1.1) - USA Wiring Color Code for Single-Phase Power
a) Protective Ground (PG or G) - Is identified with green, green-yellow, or bare wire.
b) Neutral (N) - Is identified with white or sometimes gray insulation.
c) Single-phase Line (L) - In principle, any color besides the ones listed above may be used for the power conductors. The colors usually used as the local practice are black, and red for a second hot, but blue, orange, or any other different color may also be used.
1.2) - Single-Phase Canadian Color Coding
a) Protective Ground (PG, G, or GND) - The ground is always identified by green, yellow-green insulation or bare wire.
b) Neutral (N) - The neutral always has white insulation.
c) Single-phase Line (L) - The hot or live wires are black and also red for a second active line, although blue, orange, or any other different color may also be used.
Note - Blue, yellow, orange, or other wire colors are often used as travelers on 3-way and 4-way switches or as switch legs when wiring ceiling fans, lights, and switched outlets.
2) Commercial and Industrial 3-Phase Power Feeds
Single-phase voltage, as described previously, is the voltage produced from 1 phase or secondary winding of its generating transformer, while the 3-phase configurations of a transformer’s secondaries produce voltages across every one of those three phases. The 3-phase power feeds can be produced using two different configurations:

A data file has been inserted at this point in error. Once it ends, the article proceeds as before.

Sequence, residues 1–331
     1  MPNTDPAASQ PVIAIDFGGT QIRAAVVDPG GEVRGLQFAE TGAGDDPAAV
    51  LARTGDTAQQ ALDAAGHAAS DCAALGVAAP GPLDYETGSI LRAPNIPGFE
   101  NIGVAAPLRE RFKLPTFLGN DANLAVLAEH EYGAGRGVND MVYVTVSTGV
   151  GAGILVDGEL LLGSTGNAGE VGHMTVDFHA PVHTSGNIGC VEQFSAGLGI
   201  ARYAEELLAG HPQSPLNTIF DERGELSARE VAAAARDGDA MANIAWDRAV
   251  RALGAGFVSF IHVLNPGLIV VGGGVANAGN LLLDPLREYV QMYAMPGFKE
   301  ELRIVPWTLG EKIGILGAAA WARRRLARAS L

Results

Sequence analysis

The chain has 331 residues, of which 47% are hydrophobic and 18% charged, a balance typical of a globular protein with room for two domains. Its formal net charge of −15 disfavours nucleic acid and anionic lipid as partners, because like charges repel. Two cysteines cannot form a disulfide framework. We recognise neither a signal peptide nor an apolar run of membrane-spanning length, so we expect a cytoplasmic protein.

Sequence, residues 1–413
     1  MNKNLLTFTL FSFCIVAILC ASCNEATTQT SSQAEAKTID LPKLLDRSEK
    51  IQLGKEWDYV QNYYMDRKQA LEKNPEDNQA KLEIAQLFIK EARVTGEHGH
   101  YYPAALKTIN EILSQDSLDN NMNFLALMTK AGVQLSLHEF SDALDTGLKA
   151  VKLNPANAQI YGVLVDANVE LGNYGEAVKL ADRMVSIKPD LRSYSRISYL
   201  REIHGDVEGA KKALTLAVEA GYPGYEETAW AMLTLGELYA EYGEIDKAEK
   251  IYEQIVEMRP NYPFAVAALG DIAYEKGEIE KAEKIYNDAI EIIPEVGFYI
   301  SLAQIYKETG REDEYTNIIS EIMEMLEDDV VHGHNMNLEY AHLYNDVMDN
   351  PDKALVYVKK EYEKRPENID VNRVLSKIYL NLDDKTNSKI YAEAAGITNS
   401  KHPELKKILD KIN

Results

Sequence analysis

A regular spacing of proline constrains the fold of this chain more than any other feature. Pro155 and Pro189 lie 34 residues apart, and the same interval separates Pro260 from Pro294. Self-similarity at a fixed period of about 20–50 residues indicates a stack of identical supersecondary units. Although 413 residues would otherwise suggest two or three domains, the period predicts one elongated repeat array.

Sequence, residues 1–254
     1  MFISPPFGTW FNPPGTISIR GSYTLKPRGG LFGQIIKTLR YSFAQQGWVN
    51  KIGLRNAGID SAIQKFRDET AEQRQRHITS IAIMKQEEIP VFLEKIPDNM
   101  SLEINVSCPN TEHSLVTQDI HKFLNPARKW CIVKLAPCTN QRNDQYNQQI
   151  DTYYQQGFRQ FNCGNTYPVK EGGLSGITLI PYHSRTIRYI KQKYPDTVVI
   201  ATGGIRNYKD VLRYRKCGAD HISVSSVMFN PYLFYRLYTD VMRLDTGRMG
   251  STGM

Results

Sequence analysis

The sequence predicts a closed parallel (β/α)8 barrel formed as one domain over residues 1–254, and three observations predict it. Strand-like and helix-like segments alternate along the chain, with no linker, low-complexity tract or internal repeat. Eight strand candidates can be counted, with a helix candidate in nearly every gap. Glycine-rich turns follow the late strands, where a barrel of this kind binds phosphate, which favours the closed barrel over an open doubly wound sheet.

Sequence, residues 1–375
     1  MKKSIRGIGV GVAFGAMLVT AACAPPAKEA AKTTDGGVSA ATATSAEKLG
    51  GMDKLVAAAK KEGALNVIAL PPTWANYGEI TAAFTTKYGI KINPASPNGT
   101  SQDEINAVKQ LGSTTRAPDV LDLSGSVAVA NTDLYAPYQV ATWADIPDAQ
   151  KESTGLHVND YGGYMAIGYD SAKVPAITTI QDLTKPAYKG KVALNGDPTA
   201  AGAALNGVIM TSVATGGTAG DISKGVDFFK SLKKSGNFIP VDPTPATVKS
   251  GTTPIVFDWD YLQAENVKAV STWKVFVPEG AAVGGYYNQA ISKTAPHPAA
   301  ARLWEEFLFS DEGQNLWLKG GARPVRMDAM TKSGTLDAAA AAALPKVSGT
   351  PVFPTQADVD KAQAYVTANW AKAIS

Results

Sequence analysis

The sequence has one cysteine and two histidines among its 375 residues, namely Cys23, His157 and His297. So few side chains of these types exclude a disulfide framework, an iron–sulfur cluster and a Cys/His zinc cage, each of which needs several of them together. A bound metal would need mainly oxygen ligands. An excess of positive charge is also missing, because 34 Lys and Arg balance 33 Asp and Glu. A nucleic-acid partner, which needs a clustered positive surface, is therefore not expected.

a) The Delta system (figure 2) has three hot lines at full voltage plus one ground wire with the hot lines connected across each of 3 transformer secondary windings
b) The Wye system (Figure 3) has a total of 5 wires—3 hot wires, one neutral wire, and a ground wire. Each of the three hot lines is connected to one of three secondary transformer windings at one end, with the other end of every winding connected together at a single neutral point.
A three-phase voltage supply is commonly used to power large motors and other heavy loads to avoid power fluctuations. It is therefore used in most commercial and industrial situations and sometimes in large homes drawing large currents of electricity to power up larger appliances.
2.1) USA 3-Phase Color Coding
a) Protective GND and Neutral As noted previously, white remains the universal color of choice in all the different systems’ coding, with the exception sometimes given to gray in the US. Also following the rules of single-phase, the GND will keep being identified with green, green-yellow, or bare wire.
The USA has its own wiring colors for electrical circuits, black, red, and blue are used for 208 VAC three-phase; brown, orange, and yellow are used for 480 VAC.
b) Line L1 on the 3-phase L1 - Black is the common color of choice, with brown as an alternative.
c) Line L2 on the 3-phase L2 - Red insulated wires are commonly used with orange as an alternative.
d) Line L3 on the 3-phase L3 - Blue wires or yellow as an alternative are used for the L3 phase.
2.2) Canadian 3-Phase Color Coding
a) Protective GND and Neutral The color coding for the GND (G) and the neutral (N) follows the same rules as for the Canadian single-phase wiring.
b) Line L1 on the 3-phase L1 - Phase 1 is identified with the red color.
c) Line L2 on the 3-phase L2 - Phase 2 is identified with black.
d) Line L3 on the 3-phase L3 - Phase 3 is identified with blue.
It should be mentioned at this time, however, that even though you may now know a little more about 3-phase wiring, it should never be tampered with by anyone not certified to do so (namely DIYers), as it presents many more hot lines to deal with thus considerably increasing the chances of getting injured in the process.